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In Session: Legal Change and Professionalization around the Pacific Rim: China, the British Empire, and the United States, 1850-1930
3: Unequal Under the Law: Comparative Experiences of Chinese and Irish Immigrants in Anglophone Pacific Settler-Colonial Societies, 1852-1901
Wednesday, March 24, 2021
12:00pm – 1:30pm EDT
New York University, United States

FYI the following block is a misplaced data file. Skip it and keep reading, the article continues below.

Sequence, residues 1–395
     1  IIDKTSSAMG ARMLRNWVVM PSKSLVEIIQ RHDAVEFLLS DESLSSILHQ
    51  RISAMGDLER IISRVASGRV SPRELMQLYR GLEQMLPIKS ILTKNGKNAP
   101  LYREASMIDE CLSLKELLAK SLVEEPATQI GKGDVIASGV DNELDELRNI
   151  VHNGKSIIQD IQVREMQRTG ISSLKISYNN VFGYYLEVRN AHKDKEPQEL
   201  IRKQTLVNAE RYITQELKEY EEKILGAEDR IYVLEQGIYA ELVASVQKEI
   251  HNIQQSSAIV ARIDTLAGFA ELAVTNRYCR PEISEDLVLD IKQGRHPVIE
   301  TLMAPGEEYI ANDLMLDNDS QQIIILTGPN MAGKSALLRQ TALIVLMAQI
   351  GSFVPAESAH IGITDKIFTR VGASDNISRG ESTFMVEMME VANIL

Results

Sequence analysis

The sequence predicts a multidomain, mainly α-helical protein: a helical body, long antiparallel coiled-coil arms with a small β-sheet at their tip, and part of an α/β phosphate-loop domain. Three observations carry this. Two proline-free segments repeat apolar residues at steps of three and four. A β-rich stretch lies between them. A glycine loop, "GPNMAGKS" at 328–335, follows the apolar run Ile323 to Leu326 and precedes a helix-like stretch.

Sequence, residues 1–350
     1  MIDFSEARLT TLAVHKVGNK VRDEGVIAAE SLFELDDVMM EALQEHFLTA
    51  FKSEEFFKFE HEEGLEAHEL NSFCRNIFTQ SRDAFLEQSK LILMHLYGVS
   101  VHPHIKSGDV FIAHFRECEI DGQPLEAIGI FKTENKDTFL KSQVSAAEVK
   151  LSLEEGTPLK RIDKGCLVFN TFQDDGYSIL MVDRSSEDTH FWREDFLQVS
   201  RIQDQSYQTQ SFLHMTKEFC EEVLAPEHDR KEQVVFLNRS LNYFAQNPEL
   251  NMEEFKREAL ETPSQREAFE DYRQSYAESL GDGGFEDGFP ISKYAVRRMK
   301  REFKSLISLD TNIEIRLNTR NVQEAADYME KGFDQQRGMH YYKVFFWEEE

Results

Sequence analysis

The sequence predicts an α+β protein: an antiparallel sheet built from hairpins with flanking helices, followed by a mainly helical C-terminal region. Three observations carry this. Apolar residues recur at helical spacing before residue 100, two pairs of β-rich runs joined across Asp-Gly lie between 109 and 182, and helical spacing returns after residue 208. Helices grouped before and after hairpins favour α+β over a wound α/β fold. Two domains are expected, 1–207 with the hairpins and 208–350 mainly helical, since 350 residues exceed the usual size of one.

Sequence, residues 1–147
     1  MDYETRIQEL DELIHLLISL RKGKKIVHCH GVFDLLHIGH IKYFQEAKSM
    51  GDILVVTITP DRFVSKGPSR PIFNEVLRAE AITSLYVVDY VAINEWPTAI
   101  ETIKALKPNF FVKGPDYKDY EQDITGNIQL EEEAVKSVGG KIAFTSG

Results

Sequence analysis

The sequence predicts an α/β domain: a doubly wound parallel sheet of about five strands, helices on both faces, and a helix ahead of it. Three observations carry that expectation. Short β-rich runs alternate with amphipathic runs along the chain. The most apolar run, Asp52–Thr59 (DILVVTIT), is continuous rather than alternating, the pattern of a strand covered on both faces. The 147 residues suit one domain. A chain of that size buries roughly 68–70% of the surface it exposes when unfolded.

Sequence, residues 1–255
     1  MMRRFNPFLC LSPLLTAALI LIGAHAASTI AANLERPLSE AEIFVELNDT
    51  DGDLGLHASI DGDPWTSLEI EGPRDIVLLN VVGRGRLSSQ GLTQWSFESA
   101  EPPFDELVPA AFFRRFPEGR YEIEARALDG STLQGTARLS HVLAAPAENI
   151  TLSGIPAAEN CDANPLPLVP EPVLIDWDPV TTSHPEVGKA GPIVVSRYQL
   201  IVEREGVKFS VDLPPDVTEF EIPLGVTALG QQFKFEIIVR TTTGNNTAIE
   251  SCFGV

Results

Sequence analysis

In the second half of the nineteenth century, many Chinese and Irish were brought into contact and exchange with one another. Tens of thousands of Chinese and Irish joined the mining rushes in the US West, Australia, British Columbia, and New Zealand, and were indispensable to the construction of transcontinental railroads in North America. While Chinese and Irish made valuable contributions to the development of these anglophone settler-colonial societies, many within the dominant Anglo-Scottish population perceived both groups as racially inferior and subjected them to prejudice and discrimination. However, the experiences of Chinese and Irish diverged in significant ways. Chinese immigrants, unlike Irish immigrants who enjoyed the legal status of "white," experienced legal segregation on goldfields, federal immigration restriction laws, bars on naturalisation, and prohibitions on voting, serving on juries, and holding political office. This paper uses a comparative approach to enrich understanding of the significance of law and race on the experiences of Chinese and Irish immigrants in the US West, Australia, British Columbia, and New Zealand over the second half of the nineteenth century.